Poloz called the proposal “pure politics” and “regrettable.”

Nor did he appreciate the criticism of the institution he once led.

“It is unfortunate that politics infects the monetary policy process. Central banks are designed to be separate from politics and for very good reason,” Poloz said.

He said that traditionally, central banks are independent because of the threat of political pressure to relax interest rates and potentially cause inflation as a result, but now the political pressures come from the other direction.

But Poloz said there is a silver lining to criticism of the bank.

“I’m pleased that right now, the public perception is that inflation is a bad thing and we need to fight it,” he said.

Higher interest rates would cause ‘pain’: NDP leader

NDP leader Jagmeet Singh said the higher borrowing costs that come with rising interest rates will hurt many Canadians.

“Rising interest rates will make the immediate, short-term pain even more difficult. Mortgage payments will go up, car payments will go up,” he said. power and politics Wednesday.

“And that’s why we’ve been saying that the traditional response to inflation has always been to raise interest rates, and it will certainly decrease demand, but it will increase pain, which is why we’ve said that that can’t be the only answer.” .

Singh also said he would like to see the federal government impose corporate tax levies that can be redistributed to individuals and to double the GST/HST tax credit.

MIRA NDP asks to double the GST/HST tax credit

NDP asks to double the GST/HST tax credit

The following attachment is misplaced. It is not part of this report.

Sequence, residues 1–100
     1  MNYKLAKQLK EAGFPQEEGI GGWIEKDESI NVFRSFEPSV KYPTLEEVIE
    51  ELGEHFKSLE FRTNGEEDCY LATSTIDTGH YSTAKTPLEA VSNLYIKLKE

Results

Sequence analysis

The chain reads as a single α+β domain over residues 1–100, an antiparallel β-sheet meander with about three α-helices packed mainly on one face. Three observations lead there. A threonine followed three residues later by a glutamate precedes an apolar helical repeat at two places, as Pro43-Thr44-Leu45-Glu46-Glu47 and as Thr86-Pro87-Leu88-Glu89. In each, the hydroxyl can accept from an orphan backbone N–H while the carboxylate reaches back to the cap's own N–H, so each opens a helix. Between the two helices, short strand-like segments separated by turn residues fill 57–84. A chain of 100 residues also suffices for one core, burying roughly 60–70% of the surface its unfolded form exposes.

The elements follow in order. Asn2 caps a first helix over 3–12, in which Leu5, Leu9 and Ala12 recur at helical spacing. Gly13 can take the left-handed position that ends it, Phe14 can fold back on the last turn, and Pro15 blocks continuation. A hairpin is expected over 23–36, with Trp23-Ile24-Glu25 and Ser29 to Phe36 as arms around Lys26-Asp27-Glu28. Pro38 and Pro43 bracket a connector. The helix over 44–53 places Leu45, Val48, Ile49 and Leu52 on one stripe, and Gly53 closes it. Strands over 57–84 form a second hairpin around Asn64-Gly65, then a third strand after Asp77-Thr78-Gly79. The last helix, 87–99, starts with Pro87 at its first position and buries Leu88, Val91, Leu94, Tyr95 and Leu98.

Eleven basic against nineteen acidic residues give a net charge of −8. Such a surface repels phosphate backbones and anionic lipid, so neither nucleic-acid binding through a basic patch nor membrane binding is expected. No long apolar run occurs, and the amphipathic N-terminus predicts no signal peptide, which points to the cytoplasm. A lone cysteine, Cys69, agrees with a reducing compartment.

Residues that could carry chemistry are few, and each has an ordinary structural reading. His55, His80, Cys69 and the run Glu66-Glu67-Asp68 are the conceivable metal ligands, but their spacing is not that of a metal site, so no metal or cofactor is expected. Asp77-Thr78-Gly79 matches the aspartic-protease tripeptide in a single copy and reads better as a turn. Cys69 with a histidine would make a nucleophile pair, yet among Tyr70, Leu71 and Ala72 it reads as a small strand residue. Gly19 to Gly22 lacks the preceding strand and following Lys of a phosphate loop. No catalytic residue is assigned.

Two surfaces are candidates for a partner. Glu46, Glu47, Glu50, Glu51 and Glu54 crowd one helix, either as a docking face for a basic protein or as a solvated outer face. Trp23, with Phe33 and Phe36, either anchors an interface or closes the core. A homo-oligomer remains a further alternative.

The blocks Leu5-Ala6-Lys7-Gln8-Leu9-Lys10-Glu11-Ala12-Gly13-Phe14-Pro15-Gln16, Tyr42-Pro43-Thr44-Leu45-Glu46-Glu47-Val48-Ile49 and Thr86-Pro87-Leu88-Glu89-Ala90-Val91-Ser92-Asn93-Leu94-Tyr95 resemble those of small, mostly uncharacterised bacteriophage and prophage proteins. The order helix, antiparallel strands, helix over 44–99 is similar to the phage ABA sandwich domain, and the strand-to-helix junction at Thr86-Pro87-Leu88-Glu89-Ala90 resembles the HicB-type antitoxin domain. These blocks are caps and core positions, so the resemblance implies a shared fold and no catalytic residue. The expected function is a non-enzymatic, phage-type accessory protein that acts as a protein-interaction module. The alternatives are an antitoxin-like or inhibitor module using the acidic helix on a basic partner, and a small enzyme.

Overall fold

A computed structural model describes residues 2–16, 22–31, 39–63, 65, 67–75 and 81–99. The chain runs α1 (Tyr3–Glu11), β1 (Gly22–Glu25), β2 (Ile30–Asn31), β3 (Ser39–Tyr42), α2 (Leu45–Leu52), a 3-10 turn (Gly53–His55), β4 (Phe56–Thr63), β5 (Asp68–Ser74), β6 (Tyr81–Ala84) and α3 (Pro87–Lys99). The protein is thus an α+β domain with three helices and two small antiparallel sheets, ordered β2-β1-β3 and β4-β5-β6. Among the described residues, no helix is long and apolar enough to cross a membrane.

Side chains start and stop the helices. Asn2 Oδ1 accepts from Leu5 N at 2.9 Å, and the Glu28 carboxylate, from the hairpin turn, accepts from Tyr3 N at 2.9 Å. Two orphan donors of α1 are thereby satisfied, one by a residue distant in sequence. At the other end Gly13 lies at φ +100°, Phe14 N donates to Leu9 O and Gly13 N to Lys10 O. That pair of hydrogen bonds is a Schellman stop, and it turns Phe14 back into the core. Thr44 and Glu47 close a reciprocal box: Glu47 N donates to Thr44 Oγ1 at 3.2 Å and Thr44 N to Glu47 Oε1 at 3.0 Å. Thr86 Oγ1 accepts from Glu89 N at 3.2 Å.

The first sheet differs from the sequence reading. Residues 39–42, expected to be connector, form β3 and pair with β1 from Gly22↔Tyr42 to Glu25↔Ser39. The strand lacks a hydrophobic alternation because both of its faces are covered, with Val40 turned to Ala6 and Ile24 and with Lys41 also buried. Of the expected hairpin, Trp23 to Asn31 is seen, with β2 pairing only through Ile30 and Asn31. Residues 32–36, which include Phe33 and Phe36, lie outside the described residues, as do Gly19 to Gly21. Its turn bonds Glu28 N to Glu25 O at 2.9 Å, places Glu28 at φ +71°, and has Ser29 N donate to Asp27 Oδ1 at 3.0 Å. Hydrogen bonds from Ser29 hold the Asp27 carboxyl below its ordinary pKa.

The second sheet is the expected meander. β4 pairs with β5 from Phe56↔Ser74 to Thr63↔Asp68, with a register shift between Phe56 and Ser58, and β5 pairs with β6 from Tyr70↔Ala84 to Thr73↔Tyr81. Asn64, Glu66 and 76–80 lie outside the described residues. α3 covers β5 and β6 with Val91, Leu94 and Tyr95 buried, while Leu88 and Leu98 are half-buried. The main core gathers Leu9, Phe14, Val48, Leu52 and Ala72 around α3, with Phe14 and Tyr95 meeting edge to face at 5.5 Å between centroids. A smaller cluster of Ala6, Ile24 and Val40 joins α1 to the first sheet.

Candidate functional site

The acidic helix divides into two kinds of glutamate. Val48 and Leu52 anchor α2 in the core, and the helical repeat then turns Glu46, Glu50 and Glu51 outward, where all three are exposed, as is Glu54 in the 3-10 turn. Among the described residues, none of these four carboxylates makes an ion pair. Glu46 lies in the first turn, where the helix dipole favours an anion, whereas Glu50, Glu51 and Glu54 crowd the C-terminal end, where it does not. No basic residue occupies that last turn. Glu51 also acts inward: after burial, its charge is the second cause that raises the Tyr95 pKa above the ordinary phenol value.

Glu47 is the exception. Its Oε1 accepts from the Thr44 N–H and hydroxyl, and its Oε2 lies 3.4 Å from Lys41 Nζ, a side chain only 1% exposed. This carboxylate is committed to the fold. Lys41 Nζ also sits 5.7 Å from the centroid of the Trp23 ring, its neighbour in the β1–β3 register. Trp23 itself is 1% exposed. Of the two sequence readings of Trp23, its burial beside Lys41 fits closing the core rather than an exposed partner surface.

“Given the intensity of inflation… we need to help people now.” NDP leader Jagmeet Singh said he spoke to Prime Minister Justin Trudeau on Monday about the cost of living crisis.

sing, whose party is propping up the liberal government in the House of Commons through a trust and supply deal, said he spoke to Prime Minister Justin Trudeau in a phone call this week about financial relief measures.

Singh told presenter Vassy Kapelos that the Liberal government may not be able to command the support of his party in Parliament if nothing is done to tackle the rising cost of living.

“Our support to help pass bills is not something you can take for granted if you’re not going to provide the help Canadians need,” Singh said.

Liberal MP and Parliamentary Secretary to the Minister of National Revenue Peter Fragiskatos said an exemption from the gasoline tax, a policy that US President Joe Biden recently proposedit’s not off the table.

“It cannot be ruled out. The question is will it have an impact, will it have a significant impact, a direct impact on the way that some, including conservative politicians, say it will,” he said.

“It’s not clear if it would. It’s such a volatile environment right now,” he said, citing the war in Ukraine.

CLOCK | MPs debate tools to tackle rising cost of living

MPs debate tools to tackle rising cost of living

Peter Fragiskatos, Parliamentary Secretary to the Minister for National Revenue, and Dan Albas, Conservative Finance Critic, joined Power & Politics on Wednesday to discuss the rising cost of living and what Ottawa can do to provide relief to Canadians.

If Biden’s ‘tax holiday’ proposal succeeds, Canada would be the only G7 not to introduce a tax cut or subsidy in response to fuel prices.

Dan Albas, the conservative financial critic, said the relief at the pumps would have positive effects on the rest of the economy.

“Let’s also remember that gasoline is a key driver of inflation, whether it’s at the grocery store or whatever, you need to have transportation costs [down]Albas said.